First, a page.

Raising the 'Mantap' (Part 3 of 11)

Kolada Dompa
(This is the third post in an eleven-part series, on the event we organised recently. To read the earlier posts, click the link at the bottom of this post. Click on the pictures to enlarge.)

"Isn't the mantap too low?", they ask.
"If anyone asks me this question again, I'm gonna hit them across the face", declares a cousin.

And the D-day arrives. Most of the things required for the Kola have been bought and stacked away securely at my ancestral home. Except for the flowers. Dad makes an early morning visit to the market along with another cousin. It's a Sunday, the flower season is at a low with the demand exceeding the produce, and no vendor seems to be in a mood to bargain; buy-it-or-leave-it is written across their face. After an hour or so he comes home with large quantities of fragrant jasmine, chrysanthemum, wilder variety of jasmine (kakda), and firecracker flower (aboli/abbolige). And we set off.

The mess!
As we near our home in the village, we spot a few people around with some activity going on- they seem busy. We're met by our relative I mentioned earlier, who's come there to monitor the goings-on. The people in charge of setting the mantap/mandap (I'll refer to them as "specialists") have arrived, they're trying to throw their weight around, and are tackled well by him. There are long poles procured locally, areca palm-trees to make up the main support of the mantap, and many other things lying about. And the work begins. The mantap has to be built from scratch.Thanks to the spirited lads of the family, the job looks easy. Everyone joins in and helps put up a skeleton for a small, neat mantap, with continuous advice and guidance from the specialists. Dried fronds of coconut palm woven together make up the roof, secured with thick strings.
Coconut tree fronds, woven together
But isn't it built a bit too low, we ask the specialists? It looks like that's the question they've been waiting for, for they set about explaining why it's been done that way. It's built low initially to help us decorate it comfortably. Following this would be the crucial part, wherein it'll be raised to a height of about 10-12 feet, very carefully, to rest on the two tall areca tree-poles on either sides, on a fork-like arrangement that's been fashioned (there's a picture below). Satisfied with the answer, we start doing up the area. (This is when many others ask us the same questions, irritating my cousin to the point of frustration!)
Mango leaves, a mark of anything auspicious
This entire activity reminds me of school, when we'd decorate our classrooms for Christmas to vie for the prize for the best classroom. Along with the usual paraphernalia, we also have a lot of tender fronds of the coconut palm (siri); the colour is very pretty and somehow adds extra elegance to the mantap. The inner portion has a red background, and is decorated only with siri and pingara flower. 
Siri, tender fronds of the coconut palm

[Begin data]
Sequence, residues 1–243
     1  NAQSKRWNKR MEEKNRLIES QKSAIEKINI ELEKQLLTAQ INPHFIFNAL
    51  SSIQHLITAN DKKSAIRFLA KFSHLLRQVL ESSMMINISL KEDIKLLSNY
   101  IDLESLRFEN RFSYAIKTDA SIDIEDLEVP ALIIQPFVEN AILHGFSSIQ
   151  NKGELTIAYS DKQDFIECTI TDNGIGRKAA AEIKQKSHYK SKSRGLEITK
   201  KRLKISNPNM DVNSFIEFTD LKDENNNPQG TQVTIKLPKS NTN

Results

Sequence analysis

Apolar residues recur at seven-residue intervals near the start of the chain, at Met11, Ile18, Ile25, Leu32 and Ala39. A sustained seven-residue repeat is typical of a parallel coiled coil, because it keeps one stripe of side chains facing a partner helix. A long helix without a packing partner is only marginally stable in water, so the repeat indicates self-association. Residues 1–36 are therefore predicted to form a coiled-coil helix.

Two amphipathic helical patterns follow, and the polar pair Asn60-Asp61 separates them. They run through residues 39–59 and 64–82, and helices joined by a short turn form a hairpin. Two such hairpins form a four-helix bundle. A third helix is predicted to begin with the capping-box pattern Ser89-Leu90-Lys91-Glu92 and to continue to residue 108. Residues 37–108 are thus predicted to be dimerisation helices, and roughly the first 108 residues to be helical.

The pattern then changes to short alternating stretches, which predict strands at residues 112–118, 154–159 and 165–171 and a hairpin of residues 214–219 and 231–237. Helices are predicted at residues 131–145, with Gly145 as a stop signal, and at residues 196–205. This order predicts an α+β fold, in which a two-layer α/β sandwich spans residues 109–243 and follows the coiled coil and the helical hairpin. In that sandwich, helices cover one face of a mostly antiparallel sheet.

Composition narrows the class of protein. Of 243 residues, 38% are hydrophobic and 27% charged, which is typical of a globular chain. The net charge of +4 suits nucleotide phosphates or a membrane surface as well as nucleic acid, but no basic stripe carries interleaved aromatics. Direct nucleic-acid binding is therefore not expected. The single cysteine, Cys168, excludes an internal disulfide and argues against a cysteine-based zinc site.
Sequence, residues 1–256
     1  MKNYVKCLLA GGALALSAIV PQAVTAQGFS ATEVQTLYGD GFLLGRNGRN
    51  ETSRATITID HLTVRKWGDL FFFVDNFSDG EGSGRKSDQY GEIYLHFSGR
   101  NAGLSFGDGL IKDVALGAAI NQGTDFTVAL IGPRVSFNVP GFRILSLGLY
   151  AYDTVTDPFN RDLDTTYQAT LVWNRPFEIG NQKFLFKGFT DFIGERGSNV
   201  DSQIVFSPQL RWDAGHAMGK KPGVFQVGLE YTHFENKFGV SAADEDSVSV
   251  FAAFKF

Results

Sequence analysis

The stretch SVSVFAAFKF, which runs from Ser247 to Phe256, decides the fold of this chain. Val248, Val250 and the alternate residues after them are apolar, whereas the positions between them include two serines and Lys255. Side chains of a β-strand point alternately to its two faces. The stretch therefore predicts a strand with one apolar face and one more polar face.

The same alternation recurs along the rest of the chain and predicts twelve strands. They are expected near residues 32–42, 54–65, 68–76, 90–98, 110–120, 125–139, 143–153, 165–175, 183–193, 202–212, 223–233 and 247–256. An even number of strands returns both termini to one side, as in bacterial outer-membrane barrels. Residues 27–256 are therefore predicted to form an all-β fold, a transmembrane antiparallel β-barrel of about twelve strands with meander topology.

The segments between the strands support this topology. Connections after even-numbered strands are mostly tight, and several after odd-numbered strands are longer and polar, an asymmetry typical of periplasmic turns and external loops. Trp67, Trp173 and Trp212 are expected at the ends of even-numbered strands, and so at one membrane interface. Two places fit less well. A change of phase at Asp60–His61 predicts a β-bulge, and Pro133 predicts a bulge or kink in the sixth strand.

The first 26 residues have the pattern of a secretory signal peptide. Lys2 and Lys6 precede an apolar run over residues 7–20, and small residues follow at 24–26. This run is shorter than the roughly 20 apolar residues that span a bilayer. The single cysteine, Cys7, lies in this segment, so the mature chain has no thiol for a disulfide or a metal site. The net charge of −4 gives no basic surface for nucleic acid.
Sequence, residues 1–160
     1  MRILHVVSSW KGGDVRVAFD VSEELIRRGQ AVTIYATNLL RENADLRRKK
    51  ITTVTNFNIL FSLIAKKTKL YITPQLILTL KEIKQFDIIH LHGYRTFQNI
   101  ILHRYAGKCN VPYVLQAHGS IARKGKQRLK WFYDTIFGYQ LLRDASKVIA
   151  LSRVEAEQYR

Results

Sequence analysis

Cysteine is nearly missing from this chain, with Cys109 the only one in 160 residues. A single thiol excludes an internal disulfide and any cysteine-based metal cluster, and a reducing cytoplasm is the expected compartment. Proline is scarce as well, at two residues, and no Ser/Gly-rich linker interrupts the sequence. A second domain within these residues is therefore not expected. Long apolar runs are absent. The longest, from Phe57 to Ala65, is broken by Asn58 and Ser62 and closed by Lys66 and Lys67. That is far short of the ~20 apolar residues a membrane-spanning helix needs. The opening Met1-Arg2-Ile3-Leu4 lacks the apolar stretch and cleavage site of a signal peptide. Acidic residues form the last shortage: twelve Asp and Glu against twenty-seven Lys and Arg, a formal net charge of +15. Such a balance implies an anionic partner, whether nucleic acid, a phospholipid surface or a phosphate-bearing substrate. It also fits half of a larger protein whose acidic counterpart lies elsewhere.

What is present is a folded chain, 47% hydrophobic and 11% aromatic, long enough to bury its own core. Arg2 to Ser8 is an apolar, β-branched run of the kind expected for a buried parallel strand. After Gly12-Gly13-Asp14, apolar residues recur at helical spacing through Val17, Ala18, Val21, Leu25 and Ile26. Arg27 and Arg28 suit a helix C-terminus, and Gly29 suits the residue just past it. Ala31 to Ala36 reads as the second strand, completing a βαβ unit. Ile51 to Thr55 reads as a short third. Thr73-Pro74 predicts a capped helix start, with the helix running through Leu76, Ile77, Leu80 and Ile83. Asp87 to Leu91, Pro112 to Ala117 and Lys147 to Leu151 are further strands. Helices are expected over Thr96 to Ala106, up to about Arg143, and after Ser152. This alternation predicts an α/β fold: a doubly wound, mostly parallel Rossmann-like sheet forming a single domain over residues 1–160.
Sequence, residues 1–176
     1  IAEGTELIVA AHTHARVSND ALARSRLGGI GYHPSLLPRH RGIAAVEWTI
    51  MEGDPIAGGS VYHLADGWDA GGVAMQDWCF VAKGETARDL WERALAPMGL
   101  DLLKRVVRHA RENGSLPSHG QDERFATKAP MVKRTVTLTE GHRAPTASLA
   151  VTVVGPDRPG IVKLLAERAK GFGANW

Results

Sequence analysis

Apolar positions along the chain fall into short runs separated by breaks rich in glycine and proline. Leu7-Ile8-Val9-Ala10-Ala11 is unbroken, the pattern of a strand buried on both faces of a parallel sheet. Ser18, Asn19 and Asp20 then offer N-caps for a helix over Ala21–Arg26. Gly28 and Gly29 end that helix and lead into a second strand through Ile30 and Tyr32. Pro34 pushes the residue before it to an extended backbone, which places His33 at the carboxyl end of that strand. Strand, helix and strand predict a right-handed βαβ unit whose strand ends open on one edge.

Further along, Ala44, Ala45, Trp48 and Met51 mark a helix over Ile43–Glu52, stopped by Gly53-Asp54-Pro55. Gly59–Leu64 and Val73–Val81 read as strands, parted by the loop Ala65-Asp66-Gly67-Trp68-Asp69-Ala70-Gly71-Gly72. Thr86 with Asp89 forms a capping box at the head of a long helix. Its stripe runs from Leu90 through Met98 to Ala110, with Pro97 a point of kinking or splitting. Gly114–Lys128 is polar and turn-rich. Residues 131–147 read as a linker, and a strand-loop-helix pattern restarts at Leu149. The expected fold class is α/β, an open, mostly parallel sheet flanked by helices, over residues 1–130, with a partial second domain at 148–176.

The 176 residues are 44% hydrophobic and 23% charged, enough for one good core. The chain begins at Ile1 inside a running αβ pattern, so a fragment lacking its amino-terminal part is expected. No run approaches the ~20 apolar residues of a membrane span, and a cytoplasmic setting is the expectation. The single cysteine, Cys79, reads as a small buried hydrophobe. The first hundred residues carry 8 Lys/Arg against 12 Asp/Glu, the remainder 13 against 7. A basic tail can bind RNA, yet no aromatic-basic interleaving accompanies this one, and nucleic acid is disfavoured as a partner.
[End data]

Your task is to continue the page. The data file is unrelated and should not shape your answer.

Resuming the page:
The Specialists! :)
We're always ready to pose!
The inner area
Baby leaves of the coconut palm (siri)
A pingara flower is added. This particular flower is used for all auspicious occasions, especially by some communities. It is also used for poojas involving the serpent god. And finally, the decoration work is done for the moment.
Pingaara flower
Now comes the most important bit. Raising the Mantap. Ideally, two people should slowly climb up the pole with the outer edges of the mantap on their shoulders, just like how someone climbs up a coconut tree. But we have only one person who knows this technique. So what do we do? Benches from the village school do the trick. My uncle has foreseen this problem, and he's brought a few already. So on one side, we place three benches one over the other, over which the tallest cousin is to climb; and on the other, it'll be raised the aforementioned traditional way. It is imperative that this has to be successful in the first attempt, else people are likely to attribute any hiccups in raising it to the idea that the Spirits are dissatisfied!
Note the poles at either ends, with the tops designed into a notch-like structure.
The Mantap is raised to sit on the notches on either sides.
Everyone gathers at the area for a quick prayer before it's raised. Now this is an interesting bit for me, as I'm surprised to hear the prayers being said in Tulu by an elder Uncle, and not our mother-tongue Konkani as is the usual practise. It's very nice to listen to. 
Prayers, for the success of the program!
Prayers done, it's time to get going. With continuous words of encouragement, both of them co-ordinate very well. And the mantap beautifully sits on the place it's meant to. Part one is a success, and everyone is happy.
[The cousin gives meaningful looks at everyone who'd asked him why it was built so low ;)]
Note the person on the right climbing up slowly.
The specialists add the final touches. The inner area is cleared of all extra leaves, flowers etc. And finally, this is how it looks!
Finishing touches
So, how does it look?
We realise we need to rush back to the city. Some work still needs to be done. In-spite of all the planning, crackers have been forgotten and need to be bought; we need more flowers too. We have a hurried lunch and start back.

Things have gone well so far, and we hope the streak of good luck continues for the rest of the day and night!


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